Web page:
A Textbook of Arc Welding
Ever since 17th century, after the industrial revolution, technology has made our lives comfortable. Man started using iron and steel and since then they play a crucial role in our day to day lives. We are simply surrounded by metals. It in the place we live, the things we do or use to accomplish our work. Thus it has aided in almost all sectors of our lives.
One of the strongest methods of joining any metal is through fusion with the help of arc welding. Technically speaking, electric current allows the electric arc to melt 2 metal pieces, a filter material is used which enables the pieces to mix and as it cools it solidifies into one piece.
GMAV commonly known as gas melting arc welding and also referred to as MIG (Metal Inert Gas) welding can be described as a semi-automatic or fully automatic arc welding process. It comprises of a welding gun which is filled with continuous wire electrode and shielding gas. The filler electrode material comes as spools of wire.
Initially GMAV was developed only for aluminum welding and other non-ferrous metals. Later it was used for welding steel which minimized the time taken for welding process. In short GMAV has revolutionized the art of welding and it provides greater degree of consistency and faster production rates.
Some of its advantages are; higher rate of filler metal deposition, narrow weld bead, minimum distortion, provides easier clean and precise welds. The demerits of GMAV are its complexity, quite expensive and tedious installation or setting up procedures.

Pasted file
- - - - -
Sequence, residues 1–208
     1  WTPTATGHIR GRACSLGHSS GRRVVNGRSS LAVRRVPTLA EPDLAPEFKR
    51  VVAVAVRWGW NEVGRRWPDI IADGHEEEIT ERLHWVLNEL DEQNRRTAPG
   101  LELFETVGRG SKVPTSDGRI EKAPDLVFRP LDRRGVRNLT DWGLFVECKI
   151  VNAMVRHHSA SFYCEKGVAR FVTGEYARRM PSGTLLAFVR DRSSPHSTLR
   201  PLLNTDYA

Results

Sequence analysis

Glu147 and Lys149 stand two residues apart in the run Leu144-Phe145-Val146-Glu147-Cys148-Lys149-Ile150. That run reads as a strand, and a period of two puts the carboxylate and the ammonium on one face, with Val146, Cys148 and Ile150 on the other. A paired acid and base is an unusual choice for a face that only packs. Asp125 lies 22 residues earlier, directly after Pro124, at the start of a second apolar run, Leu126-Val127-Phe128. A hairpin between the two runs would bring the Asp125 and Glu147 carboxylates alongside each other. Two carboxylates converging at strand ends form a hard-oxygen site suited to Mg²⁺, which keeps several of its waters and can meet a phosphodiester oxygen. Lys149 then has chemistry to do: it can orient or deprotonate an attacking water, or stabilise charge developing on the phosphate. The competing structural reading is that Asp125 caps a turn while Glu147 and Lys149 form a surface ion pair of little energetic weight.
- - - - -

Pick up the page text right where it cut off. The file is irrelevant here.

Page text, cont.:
The welding gun consists of a control switch, contact tip, power cable, gas nozzle, an electrode and a gas hose. Initially the operator switches on the controls with the help of the control switch. He then initiates the wire feed of the equipment, the electric power supply, and the shielding gas flow. This causes the electric arc to be struck. The contact tip is made up of copper. Though you have a variety of materials for contact tip in today's market, usually copper is preferred. At times this tip is chemically treated to minimize spatter.
The gas nozzle evenly directs the shielding gas over the welding zone. For high current welding operations larger nozzles are preferred. This enables greater shielding gas flow. A water hose is used in such high electric operations as the equipment sustains lot of heat and it has to be minimized for maintenance purposes and increasing the equipment's life time. Repairing costs will also inflict a burden for the industry. Usually the rate of feed for the machine is maintained constantly. However there are some highly technical advanced machines in today's market which varies the wire feed rate in response to arc length and the voltage supply.
Most applications uses constant voltage supply and changes in arc length creates a lot of heat and current extracted for the process. Thus arc lengths are also maintained constantly depending upon the voltage supply. Alternating current (AC) is seldom used and electrodes are positively charged. This polarity is altered when special-emissive coated electrodes are used.
An electrode selection is highly influenced by composition of the metal, the process and design and material surface design.
If all of the above factors are chosen perfectly, we can produce high quality welds at cheaper cost.